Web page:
In 1973, JMU students held an anti-war protest when the campus was visited by Senator Harry Byrd, a pro-war conservative. The demonstration was a continuation of other anti-war protests that had occurred on campus beginning in 1970s against the war in Vietnam. Despite this being a peaceful protest, several students faced charges for rioting and disrupting Senator Byrd’s visit. The charges were dismissed.

Since the 1970s, protests on campus have become far more acceptable. In 2014, JMU was host to a Black Lives Matter protest that occurred in response to the shooting of Michael Brown in Ferguson, Missouri. The students laid on the ground to represent the body of Michael Brown, while holding “Black Lives Matter” signs. The students were also joined by a faculty member, Tammy Castle. Unlike the 1973 protest, these peaceful protesters faced no initial changes from the university. Protests are a part of campus life at any college, even JMU, while previously protests were ignored and the protesters arrested the University has changed its initial attitude to students attempting to upset the status quo.

 

Party life and Fashion at JMU

With only a slight glance at the two different photos, one can tell that there has been a vast change to the party fashion here at JMU. Looking at the photo from 1975, the fashion is typical of the 1970’s, with the high necklines and double layering of the shirts. The clothes they donned were not flashy, and the group pictured seem to be wearing more muted and subdued colors. They did not have on any loud accessories, and simple seemed to be the pervasive theme. Fraternity culture wasn’t as established as it is today, so most of the social night life in the 1970’s was still dominated by students frequenting bars and restaurants. When the school later became more oriented around greek life, a switch happened in what the students would wear when going out at night.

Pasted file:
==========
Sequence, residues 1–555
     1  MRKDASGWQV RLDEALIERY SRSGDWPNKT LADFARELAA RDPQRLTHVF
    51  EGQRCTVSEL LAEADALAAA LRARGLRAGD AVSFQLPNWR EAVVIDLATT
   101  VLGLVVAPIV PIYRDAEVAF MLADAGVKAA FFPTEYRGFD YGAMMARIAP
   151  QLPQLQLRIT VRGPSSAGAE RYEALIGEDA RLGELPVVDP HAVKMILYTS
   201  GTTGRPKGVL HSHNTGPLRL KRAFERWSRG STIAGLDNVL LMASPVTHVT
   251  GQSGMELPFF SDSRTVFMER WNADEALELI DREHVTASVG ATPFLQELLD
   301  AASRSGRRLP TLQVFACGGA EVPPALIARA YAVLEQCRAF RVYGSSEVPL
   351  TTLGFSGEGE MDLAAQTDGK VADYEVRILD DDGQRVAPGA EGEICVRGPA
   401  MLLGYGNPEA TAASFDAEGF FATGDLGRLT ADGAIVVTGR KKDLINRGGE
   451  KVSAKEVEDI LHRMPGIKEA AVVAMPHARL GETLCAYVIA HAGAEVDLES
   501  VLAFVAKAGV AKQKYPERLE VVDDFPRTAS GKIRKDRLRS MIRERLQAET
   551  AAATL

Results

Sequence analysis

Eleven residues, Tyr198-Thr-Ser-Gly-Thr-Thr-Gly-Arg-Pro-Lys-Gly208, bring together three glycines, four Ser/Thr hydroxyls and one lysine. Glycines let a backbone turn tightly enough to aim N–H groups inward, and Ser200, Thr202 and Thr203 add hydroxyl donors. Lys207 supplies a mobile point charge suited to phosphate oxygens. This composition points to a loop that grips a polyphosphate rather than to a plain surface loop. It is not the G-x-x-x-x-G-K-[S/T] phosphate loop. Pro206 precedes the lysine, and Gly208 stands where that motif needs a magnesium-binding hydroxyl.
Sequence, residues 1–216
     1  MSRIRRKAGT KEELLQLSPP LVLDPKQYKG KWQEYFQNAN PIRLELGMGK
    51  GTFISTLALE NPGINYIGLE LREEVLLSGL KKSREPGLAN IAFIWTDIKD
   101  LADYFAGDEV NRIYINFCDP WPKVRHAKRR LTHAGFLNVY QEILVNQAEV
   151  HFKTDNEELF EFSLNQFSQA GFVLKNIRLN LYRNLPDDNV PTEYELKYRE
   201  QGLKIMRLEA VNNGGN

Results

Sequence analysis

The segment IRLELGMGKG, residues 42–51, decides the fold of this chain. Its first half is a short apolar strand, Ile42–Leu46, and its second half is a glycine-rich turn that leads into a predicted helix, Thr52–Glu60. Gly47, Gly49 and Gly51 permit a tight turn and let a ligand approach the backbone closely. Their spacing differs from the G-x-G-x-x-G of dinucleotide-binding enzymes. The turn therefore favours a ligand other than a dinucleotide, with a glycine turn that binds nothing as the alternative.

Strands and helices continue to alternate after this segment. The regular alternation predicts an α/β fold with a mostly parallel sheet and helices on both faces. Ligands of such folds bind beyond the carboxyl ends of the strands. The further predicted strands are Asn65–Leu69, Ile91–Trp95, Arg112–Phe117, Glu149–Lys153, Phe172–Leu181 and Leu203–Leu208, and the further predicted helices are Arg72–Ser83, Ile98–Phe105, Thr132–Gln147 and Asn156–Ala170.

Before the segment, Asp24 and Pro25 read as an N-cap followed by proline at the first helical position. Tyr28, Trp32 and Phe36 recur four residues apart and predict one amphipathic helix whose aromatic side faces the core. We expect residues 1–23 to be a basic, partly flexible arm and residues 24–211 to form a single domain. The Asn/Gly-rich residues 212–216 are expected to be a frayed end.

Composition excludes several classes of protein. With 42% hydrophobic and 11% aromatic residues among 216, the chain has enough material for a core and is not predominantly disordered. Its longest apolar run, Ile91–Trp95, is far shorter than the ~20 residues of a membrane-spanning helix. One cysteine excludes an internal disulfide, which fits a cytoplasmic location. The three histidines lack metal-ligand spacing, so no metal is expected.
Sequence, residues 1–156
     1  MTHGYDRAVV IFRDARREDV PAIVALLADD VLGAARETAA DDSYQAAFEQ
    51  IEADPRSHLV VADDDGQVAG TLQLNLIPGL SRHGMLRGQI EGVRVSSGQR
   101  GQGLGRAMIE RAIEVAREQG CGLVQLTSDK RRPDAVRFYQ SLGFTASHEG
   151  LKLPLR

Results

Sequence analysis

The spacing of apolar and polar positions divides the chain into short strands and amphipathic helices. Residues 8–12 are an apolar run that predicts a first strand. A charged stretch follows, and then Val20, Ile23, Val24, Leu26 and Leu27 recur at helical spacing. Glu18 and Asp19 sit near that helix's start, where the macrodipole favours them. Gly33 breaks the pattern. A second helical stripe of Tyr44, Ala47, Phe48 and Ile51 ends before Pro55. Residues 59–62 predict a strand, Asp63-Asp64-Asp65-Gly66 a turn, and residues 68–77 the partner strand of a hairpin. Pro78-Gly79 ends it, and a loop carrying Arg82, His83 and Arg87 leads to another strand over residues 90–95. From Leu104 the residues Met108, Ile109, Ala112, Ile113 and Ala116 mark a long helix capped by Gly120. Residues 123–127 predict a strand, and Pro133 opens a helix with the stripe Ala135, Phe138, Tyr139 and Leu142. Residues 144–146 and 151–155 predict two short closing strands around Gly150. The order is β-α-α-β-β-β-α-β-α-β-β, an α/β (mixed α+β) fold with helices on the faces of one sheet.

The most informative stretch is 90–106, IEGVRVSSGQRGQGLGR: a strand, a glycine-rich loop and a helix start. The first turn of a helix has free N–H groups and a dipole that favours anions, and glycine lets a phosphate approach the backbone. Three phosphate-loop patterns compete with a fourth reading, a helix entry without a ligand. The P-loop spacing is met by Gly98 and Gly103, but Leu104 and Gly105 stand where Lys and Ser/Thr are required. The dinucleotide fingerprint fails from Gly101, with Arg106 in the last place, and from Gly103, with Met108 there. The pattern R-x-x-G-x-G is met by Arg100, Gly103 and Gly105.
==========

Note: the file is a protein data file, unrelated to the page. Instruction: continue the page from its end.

We can obviously see this metamorphosis from looking at the photo that was circulated in the 2013 Blustone. The students are dressed way more liberally, and the women have necklines lower than those we see in the 1975 photo. The colors they wear are far brighter and their accessories are loud and quite more prominent. The fact that this was published in the school yearbook tells us that their attire was routine for a night out. With the hub of social night life in the 2010’s being converted to a more fraternity-esque scene, there came a change of fashion along with it.

Feminism at JMU